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In a unanimous opinion written by Justice Daryl Hecht, the Iowa Supreme Court has concluded that the front steps of a single-family home are not a public place under Iowa’s public intoxication statute unless the home's residents make them public by extending a general invitation to the public at large to come upon the property. As result, the Iowa Supreme Court reversed Patience Paye’s conviction for public intoxication because the State failed to prove that she extended such an invitation to the public.
Ms. Paye had called 911 to report that she was the victim of domestic violence. She spoke with a police officer on the front steps of her home. The police determined Ms. Paye was the aggressor in the domestic dispute and arrested her for public intoxication and domestic assault, although the latter charge was subsequently dismissed.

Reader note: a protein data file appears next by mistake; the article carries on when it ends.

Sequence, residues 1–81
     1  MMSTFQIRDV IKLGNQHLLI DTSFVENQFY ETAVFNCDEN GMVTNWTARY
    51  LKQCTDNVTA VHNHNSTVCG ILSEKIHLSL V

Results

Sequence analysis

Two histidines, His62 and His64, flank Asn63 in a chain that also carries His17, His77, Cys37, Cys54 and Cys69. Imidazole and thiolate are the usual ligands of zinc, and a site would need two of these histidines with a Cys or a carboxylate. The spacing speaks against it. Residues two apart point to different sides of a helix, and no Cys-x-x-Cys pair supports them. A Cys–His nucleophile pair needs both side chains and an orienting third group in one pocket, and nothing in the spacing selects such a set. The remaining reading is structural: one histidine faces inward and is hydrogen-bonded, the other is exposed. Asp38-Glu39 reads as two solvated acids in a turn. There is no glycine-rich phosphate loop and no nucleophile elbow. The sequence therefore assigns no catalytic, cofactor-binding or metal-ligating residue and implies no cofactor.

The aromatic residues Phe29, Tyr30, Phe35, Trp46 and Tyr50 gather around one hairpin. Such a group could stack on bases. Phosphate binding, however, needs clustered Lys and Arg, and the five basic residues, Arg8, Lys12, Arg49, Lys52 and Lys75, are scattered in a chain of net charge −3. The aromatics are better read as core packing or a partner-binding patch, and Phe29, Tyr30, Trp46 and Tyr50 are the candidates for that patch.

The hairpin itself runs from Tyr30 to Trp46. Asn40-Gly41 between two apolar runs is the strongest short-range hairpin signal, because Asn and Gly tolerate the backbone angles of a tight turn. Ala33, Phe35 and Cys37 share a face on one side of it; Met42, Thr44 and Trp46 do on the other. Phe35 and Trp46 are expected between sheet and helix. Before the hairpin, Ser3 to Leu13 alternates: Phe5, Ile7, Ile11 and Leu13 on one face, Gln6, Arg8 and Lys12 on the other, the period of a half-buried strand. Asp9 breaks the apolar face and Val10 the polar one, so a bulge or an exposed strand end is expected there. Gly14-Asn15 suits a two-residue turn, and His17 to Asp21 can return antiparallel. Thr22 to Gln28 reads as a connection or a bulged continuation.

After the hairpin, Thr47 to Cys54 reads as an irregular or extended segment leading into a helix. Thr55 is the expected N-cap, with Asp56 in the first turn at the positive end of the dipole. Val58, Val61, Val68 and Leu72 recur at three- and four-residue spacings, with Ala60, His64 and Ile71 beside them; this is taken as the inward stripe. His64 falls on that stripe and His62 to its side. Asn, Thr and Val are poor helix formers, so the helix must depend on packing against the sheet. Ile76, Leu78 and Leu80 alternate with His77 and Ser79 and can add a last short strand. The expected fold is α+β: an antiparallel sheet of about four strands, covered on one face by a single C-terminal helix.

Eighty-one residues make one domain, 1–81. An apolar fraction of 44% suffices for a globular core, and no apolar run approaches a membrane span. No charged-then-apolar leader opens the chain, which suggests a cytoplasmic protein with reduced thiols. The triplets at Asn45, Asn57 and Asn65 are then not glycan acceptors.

The Supreme Court found there is a significant difference between the implied invitation extended to a prospective customer of a business and the implied invitation allowing people to approach the front stairs of a single-family residence. Ms. Paye’s implied consent for the police to enter her property did not confer a right on the public to enter it at will or constitute a generalized invitation for access to the public.
The implied limited license of persons to approach Ms. Paye's front door did not transform the stairs of her single-family residence to a public place for purposes of the public intoxication statute. Ms. Paye could not be guilty of public intoxication because she was not intoxicated in a public place.
Lexis.com subscribers can access the opinion at State v. Paye, 2015 Iowa Sup. LEXIS 67 (Iowa June 12, 2015). Lexis Advance subscribers can access it here: State v. Paye, 2015 Iowa Sup. LEXIS 67 (Iowa June 12, 2015).
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